Communication professor Dmitri Williams recently received a $176,000 grant from the National Science Foundation to research the dynamics of group behavior in virtual worlds.
“The project will expand our knowledge of how groups form and operate in larger ecosystems of groups, individuals, and organizations,” according to the award abstract. “The analysis of logs generated from virtual worlds poses novel challenges from a computational perspective.”
Williams' award is part of a larger grant given to co-principal investigators Noshir Contractor of Northwestern University and Marshall Poole of the University of Minnesota. The trio worked together to apply for the grant while at previous jobs at the University of Illinois at Urbana-Champaign. Williams will use his sub-award portion to fund research assistants and the ongoing work on his Sony Project, titled "The Virtual World Exploratorium."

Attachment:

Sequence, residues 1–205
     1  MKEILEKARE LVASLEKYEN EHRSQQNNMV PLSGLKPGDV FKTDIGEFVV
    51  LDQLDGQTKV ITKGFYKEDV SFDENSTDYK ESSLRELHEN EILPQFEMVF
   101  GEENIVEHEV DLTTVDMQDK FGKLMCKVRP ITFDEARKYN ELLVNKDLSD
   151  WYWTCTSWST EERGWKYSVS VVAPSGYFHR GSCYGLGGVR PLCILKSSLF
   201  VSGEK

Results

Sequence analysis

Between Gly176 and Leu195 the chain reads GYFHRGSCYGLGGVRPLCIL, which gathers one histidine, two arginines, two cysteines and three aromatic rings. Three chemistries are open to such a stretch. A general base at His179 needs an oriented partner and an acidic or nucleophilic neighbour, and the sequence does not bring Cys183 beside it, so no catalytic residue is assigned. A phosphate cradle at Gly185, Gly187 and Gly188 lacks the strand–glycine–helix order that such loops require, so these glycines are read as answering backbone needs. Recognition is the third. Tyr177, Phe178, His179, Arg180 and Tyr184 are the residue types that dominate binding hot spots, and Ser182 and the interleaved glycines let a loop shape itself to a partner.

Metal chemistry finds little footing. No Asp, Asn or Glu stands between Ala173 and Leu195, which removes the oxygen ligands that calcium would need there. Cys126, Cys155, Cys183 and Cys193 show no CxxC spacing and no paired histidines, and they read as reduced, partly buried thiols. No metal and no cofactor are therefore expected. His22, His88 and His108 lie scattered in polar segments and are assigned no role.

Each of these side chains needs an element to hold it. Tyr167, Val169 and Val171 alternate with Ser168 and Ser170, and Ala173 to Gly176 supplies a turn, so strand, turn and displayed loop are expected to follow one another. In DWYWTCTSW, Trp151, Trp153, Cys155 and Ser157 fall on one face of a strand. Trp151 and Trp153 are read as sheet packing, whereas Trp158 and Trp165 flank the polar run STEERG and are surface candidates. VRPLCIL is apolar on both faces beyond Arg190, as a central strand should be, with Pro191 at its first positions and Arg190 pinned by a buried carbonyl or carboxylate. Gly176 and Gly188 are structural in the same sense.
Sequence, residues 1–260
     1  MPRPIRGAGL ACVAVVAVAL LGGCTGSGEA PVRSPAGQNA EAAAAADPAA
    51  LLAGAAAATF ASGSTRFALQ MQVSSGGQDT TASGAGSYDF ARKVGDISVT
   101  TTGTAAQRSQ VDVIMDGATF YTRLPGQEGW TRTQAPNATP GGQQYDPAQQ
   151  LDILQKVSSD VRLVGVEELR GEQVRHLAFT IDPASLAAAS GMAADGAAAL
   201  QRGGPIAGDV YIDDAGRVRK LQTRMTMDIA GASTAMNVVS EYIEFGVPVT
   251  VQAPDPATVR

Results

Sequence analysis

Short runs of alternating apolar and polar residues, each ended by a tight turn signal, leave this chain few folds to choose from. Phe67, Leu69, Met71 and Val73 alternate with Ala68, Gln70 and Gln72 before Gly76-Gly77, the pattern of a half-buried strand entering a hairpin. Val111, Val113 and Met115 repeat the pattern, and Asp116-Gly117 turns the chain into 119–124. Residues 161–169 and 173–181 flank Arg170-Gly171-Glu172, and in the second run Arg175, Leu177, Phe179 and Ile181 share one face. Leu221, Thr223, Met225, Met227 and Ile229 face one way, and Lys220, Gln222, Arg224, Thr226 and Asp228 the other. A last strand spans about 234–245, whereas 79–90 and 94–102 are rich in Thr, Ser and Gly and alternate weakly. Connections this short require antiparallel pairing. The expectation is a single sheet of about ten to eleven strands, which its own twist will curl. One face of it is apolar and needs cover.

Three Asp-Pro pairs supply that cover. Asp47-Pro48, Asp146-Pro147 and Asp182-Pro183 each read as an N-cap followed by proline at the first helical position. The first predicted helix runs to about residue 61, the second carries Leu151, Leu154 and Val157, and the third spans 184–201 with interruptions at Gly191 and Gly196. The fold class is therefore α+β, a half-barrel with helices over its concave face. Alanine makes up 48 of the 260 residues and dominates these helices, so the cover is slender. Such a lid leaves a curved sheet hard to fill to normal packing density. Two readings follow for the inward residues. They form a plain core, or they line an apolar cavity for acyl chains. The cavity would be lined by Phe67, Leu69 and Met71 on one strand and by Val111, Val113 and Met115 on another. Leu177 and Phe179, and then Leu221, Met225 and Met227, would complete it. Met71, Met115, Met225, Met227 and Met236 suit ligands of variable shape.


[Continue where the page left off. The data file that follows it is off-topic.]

“The Virtual World Exploratorium project uses data from game servers to test social scientific theories,” Williams said. “By combining behavioral data with survey data, the project tests the validity of virtual worlds as research platforms, and offers theory testing at a very exact -- second-by second over years -- and precise level. The data come from the massively multiplayer online game (MMO) EverQuest II (screenshot picture above left).”
Access to behavioral traces from EverQuest II gives Williams a glimpse into how groups form and operate in larger ecosystems. The game brings huge numbers of players together to complete “quests” and “raids” that involve activities similar to those people undertake in life such as gathering information or materials and making, selling or buying products and services.
Williams and his team plan to release a series of about 10 papers on this project during the next three years.